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Changing climate, changing issues

Cities and their universities evolved from the integrated residential patterns of the high Middle Ages to a more distinct partition. As colleges acquired physical facilities, visible campuses formed with a proximate student population. Residential colleges became a fixture in European universities, while American colleges (often located in small towns) sequestered students in dormitories under close supervision. The lines that defined the two communities were clearly drawn. But this distinction was becoming blurred by the 1970s.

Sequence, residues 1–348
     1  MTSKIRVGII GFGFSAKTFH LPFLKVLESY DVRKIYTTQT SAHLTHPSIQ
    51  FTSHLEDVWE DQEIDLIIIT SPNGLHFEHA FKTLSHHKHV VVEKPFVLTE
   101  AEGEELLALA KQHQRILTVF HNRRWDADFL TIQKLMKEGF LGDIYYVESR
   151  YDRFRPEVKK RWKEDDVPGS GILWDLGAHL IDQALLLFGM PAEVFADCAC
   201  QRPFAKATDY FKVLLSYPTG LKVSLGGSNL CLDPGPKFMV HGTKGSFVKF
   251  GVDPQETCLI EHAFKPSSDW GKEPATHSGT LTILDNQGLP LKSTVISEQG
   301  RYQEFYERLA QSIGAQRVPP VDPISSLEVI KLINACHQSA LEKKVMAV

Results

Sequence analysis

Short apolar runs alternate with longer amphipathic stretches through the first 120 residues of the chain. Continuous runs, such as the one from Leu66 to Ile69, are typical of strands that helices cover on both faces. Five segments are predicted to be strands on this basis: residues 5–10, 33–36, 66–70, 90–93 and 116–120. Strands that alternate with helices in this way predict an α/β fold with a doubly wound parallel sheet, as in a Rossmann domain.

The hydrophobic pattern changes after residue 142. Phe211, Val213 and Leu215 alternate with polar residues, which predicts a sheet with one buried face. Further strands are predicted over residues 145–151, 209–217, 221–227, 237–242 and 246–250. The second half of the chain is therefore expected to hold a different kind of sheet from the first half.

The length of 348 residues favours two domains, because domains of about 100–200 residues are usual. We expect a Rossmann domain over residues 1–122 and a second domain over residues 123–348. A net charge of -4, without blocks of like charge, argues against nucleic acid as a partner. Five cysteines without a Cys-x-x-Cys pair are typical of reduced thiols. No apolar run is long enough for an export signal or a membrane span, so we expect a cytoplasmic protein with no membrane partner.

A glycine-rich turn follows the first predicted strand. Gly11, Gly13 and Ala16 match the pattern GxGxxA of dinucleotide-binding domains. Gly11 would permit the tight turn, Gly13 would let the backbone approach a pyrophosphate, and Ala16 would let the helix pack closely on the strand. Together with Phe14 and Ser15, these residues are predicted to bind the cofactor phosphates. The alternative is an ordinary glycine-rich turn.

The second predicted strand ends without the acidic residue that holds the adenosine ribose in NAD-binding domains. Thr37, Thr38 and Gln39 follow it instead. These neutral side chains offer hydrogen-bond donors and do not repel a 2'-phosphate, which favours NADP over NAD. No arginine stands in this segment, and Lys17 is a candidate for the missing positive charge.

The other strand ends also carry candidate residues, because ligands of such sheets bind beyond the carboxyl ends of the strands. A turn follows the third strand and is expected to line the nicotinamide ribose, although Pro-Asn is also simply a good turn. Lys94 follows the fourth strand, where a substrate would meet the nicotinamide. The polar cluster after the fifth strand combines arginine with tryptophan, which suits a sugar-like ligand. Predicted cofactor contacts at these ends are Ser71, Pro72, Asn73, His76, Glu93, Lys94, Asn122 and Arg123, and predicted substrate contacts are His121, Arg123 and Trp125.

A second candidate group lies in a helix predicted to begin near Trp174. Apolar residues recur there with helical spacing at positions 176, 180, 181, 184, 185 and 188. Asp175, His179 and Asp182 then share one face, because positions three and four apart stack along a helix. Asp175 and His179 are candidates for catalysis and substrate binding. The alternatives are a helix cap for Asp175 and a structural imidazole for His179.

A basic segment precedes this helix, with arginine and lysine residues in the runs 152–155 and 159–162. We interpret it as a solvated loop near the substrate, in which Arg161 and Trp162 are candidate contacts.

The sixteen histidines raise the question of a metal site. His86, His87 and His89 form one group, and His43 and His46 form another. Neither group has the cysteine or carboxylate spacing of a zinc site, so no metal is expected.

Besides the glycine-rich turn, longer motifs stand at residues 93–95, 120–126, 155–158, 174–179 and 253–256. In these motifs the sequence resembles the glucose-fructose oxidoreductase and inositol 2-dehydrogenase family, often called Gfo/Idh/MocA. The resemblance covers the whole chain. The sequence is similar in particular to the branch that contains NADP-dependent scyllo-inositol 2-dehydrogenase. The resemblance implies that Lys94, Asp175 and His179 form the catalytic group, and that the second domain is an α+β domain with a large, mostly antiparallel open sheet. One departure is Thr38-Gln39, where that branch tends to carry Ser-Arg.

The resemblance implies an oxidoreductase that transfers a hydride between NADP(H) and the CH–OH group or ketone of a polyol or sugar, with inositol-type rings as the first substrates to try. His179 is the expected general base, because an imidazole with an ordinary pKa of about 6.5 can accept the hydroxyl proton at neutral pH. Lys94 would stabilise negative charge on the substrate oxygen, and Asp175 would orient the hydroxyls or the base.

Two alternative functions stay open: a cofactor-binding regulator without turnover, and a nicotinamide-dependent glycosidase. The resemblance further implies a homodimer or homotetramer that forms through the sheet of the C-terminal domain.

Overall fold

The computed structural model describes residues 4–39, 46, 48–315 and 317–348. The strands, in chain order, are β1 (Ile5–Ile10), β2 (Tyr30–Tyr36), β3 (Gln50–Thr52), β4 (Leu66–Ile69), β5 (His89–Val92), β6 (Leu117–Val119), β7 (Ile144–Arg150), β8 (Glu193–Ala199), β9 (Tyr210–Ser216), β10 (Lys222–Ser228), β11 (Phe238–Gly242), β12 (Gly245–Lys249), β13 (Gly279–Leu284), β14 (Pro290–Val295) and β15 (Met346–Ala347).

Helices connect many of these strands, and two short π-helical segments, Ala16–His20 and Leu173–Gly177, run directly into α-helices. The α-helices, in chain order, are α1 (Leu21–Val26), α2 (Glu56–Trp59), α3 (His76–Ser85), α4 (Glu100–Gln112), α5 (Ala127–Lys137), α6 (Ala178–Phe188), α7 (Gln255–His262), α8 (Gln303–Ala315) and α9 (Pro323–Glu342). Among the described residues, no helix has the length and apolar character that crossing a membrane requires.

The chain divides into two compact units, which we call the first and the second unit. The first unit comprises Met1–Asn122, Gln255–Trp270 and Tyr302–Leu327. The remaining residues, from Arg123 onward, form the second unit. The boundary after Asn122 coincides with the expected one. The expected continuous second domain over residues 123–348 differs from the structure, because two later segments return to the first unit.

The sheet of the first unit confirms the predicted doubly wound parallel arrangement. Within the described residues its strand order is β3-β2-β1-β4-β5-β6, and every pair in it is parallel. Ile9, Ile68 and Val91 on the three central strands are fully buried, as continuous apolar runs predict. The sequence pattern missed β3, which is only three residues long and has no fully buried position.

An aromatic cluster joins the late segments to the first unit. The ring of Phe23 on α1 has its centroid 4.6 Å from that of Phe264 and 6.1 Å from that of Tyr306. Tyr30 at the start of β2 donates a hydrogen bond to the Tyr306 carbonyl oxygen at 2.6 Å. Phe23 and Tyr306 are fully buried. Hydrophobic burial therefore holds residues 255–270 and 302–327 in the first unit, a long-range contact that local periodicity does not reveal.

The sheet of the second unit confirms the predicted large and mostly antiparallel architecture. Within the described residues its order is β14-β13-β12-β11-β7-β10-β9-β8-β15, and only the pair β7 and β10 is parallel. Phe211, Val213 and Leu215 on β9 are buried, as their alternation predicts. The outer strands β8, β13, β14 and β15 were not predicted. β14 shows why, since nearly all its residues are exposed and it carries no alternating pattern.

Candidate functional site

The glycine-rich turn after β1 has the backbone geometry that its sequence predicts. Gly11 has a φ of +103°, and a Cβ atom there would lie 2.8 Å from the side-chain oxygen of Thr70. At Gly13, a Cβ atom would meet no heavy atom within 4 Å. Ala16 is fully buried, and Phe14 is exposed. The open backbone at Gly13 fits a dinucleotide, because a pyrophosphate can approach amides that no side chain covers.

Not a Plan for a Town, but a Project for Living

Our aim:

Recreate in a pleasant and festive perimeter, a community of knowledge and research to promote the cultural development of Central Asia.

Central Asia

In modern contexts, all definitions of Central Asia consensually include these five republics of the former Soviet Union: Kazakhstan, Kyrgyzstan, Tajikistan, Turkmenistan and Uzbekistan, for a total population of 70 million. Other areas often included are Mongolia, Afghanistan, northern and western Pakistan, northeastern Iran, Kashmir, and sometimes Xinjiang in western China and southern Siberia in Russia.

Important Notice

Due to serious concern with our current CMS, we have decided to move to another system. The migration will take several weeks. During this period, the site won’t behave correctly. Please, forgive us!

However, you can continue to read The Gazette of Central Asia at this new address: